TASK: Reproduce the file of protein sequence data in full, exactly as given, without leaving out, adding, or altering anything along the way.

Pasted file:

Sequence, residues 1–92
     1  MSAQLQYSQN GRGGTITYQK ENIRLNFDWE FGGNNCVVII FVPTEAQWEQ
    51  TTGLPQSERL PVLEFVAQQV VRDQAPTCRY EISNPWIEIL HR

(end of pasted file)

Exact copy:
Sequence, residues 1–92
     1  MSAQLQYSQN GRGGTITYQK ENIRLNFDWE FGGNNCVVII FVPTEAQWEQ
    51  TTGLPQSERL PVLEFVAQQV VRDQAPTCRY EISNPWIEIL HR